FIG. 3 illustrates schematically the simple example of a single object such as the buried pipe 16b below the surface 12a in the earth matrix 14b, or a single rebar 16a in the concrete matrix 14a. A suitable coordinate system is introduced in FIG. 1 and carried through the various Figures and includes an X-axis which laterally traverses the roadway 12; a Y-axis which runs parallel with the roadway 12; and a Z-axis which runs downwardly through the roadway 12 and through the earth 14b for indicating depth of the concealed objects.
FIG. 3 illustrates schematically that the substantially uniform applied background field is locally perturbed by the presence of the pipes 16b which may be iron or steel for example. One embodiment of MAGI is called the PERturbation of Static Uniform FiElds (PERSUE) technique. The presence of a localized iron or steel source for example in a quasi-static and spatially uniform background field will cause local perturbations due to concentration of the background magnetic flux into the source as illustrated schematically in FIG. 3. FIG. 4 illustrates graphically an exemplary embodiment of the perturbation spatial distribution expressed in percent of background magnetic field along the lateral or transverse axis X relative to the pipe 16b. Generally, for a single long cylindrical source like the pipe 16b, or a single rebar 16a, the magnetic flux is maximum at the surface at the cylinder, with a magnitude of about three times the background field. This perturbation can be detected at some distance from the object which may be used to detect the location of the object or pipe 16b both laterally along the X-axis and in depth along the Z-axis, as well as determining the size or diameter of the object.
In order to generate the perturbation graph illustrated in FIG. 4, the imager 10 illustrated in FIG. 2 includes suitable means in the exemplary form of one or more receivers or sensors 20 for measuring the perturbations of the background field to detect the object. By laterally measuring the perturbations along the transverse axis X, various distributed data points may be obtained to generate the exemplary perturbation profile 22 illustrated in FIG. 4. The magnitude of the perturbations may be measured by the sensor 20 spatially along a common plane including the horizontal X-axis line to locate the object 16b by depth in the Z direction, and by lateral or transverse position in the X direction. The measured profile 22 illustrated in FIG. 4 has a broad peak of maximum magnitude Pm and a spatial width Pw thereof which may be used for providing a reasonable first estimate of the location as well as the size of the pipe 16b. For a ferrous pipe 16b, the perturbation will be positive, or greater than the background field, directly above the centerline of the pipe 16b at X position equal to the centerline (CL). The perturbation will be negative, or less than the background field, in some regions around the source such as to both the left and right sides of the pipe 16b for forming negative or minimum valleys. It should be noted that the XYZ coordinate system may be used in any conventional fashion to correlate the measured profile 22 relative to a suitable reference point 24 in space as shown in FIGS. 1 and 2. By correlating the measured profile 22 relative to the reference point 24, the spatial location of the concealed pipe 16b may be specified in three dimensional space.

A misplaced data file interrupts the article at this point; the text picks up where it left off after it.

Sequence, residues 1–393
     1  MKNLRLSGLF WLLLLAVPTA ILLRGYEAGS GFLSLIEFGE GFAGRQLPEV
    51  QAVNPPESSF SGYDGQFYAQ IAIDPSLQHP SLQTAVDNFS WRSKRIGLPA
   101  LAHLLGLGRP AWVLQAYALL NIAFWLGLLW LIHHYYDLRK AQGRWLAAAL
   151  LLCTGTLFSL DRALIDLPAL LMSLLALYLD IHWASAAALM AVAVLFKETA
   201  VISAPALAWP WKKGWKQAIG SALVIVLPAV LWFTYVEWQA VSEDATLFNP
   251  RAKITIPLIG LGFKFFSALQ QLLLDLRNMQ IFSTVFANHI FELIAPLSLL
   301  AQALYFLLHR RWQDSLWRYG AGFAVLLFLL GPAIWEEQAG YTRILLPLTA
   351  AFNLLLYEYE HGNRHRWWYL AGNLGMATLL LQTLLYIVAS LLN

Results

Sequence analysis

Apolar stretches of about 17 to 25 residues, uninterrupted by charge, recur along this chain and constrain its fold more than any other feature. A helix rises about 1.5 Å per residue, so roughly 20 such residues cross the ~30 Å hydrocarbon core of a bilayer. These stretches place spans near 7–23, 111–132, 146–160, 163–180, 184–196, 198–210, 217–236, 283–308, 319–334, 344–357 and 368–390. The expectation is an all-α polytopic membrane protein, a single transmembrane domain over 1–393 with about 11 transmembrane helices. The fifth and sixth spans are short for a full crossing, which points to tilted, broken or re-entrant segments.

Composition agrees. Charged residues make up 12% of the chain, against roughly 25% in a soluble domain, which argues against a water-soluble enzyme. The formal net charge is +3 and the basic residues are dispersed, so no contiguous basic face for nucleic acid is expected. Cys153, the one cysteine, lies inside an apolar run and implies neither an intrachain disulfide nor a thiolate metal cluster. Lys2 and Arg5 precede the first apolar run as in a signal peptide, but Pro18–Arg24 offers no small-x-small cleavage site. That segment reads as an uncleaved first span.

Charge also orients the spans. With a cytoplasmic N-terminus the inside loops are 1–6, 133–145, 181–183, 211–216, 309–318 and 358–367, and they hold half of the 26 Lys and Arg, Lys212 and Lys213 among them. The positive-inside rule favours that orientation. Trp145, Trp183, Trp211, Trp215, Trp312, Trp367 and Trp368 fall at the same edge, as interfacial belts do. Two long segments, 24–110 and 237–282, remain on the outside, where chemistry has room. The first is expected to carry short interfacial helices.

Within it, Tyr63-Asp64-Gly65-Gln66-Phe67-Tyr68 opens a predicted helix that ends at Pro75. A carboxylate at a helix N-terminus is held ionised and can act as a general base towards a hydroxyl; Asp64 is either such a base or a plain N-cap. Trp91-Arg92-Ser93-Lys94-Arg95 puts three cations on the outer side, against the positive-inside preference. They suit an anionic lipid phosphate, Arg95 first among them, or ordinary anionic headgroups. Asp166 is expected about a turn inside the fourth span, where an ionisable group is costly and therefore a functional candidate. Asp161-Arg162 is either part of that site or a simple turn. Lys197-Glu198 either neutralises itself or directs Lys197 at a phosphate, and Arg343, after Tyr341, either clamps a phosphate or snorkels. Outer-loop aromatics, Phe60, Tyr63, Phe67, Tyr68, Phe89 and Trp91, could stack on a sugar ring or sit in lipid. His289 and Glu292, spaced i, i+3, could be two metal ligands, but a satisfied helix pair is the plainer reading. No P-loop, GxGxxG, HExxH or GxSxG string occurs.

For the exemplary profile 22 illustrated in FIG. 4, a good estimate of the lateral, X position of the pipe 16b may be readily determined by the maximum positive peak and minimum negative valleys. Furthermore, the maximum peak magnitude Pm and the peak width Pw depend on the diameter D of the pipe 16b as shown in FIG. 2, and the radial distance R from the measuring point at the respective sensor 20. The ratio of the magnitude of the measured perturbation over the magnitude of the applied background field is generally proportional to the square of the ratio of the radius D/2 of the pipe 16b over the radial measuring distance R. For a detection discrimination capacity of 10-4, Or one part in 10,000 in the background field, the cylindrical source can be detected at a distance R that is on the order of 50 D. For a one-foot diameter pipe, this corresponds to a distance of approximately 50 feet, and for a 5/8 inch diameter rebar, the distance is about 3 feet.
For a single pipe or rebar source, a measurement at one point should be sufficient in principle to determine the lateral (X) and depth (Z) location of the source and its diameter using information on the magnitude and direction of the perturbed field. In practice, a set of distributed measurements as indicated by the measured profile 22 illustrated in FIG. 4 is desirable since it permits a better determination of the source geometry through conventional least-squares fit to the measured data points. Since the perturbations are magnetic field vectors, measuring the direction of those vectors in the vicinity of the source can also be used to more accurately determine the location of the source or object by depth below the sensor and lateral position relative to the sensor as described in more detail below.